What’s the most important lesson you’ve learned over the course of your career?
To respect people. We have this big thing around empathy in design. By empathy, I don’t mean you should dissolve yourself but you need to understand others' point of view – even if its contradictory. This diversity of opinions brings a unique angle to many problems. Sometimes I have worked with people I didn’t like, and at times I was quite resistant to their opinions. It took me a while to learn that I needed to be professional and listen to everyone, whether I like them or not, and focus on their expertise.
I’d would add that design industry people are often obsessed with users or customers – but I think some people could do well to remember that their salaries are paid by businesses, and they need to emphasise with stakeholders too.
What do you think is going to be the biggest challenge in our industry over the next twelve months?
Despite the fact we’ve been already talking about it for ages, the biggest challenge in service design is still explaining what service design is!
There are still lots of organisations who don’t understand what it is and how it works. I don’t work for agencies deliberately, because I think I can have more impact on a business. There have been many times where I’ve had to explain that service design is basically what helps you to link your customer experience with your organisational experience and improve it, and people still didn’t get it.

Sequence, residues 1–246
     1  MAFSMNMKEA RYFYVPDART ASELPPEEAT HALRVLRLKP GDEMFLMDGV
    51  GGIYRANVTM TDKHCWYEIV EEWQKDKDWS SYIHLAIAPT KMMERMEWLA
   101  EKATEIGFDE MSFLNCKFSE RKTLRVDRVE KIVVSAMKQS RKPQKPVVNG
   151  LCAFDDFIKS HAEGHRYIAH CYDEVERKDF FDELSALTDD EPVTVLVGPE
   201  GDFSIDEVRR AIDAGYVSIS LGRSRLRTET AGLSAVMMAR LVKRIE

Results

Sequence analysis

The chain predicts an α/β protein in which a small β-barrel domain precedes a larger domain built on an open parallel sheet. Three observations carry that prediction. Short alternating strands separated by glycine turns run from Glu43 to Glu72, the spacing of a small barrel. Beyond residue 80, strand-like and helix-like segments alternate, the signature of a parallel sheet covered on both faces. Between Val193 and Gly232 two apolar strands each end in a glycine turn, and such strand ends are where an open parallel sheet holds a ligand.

Often they try to equate service design with something they are familiar with. A common one is business analysts, or sometimes UX designers because we inherited the same tools and techniques. There’s still a long way to go, and I think this will remain a challenge for some years – but things are slowly getting better.
I think it will follow a similar trajectory to that of marketing when it appeared. It took some time for business to properly understand it, but these days people no longer question what it is. I think this will one day be the same for service design – which I’m looking forward to.
A little bit about Sergey Yanovskiy
In a previous life, Sergey was an award-winning creative director in advertising recognised by D&AD and Cannes Lions. After years of making bad products look great, he decided to learn how to make great products.
Sergey pivoted his career by receiving a master’s degree in Digital Experience Design at Hyper Island Manchester. Last year he moved to the UK under Exceptional Talent in Digital Technology route and joined Octopus Labs where currently is responsible for service design in the digital strategy team.
Want to take part in our FFS series? Say hello at email@example.com.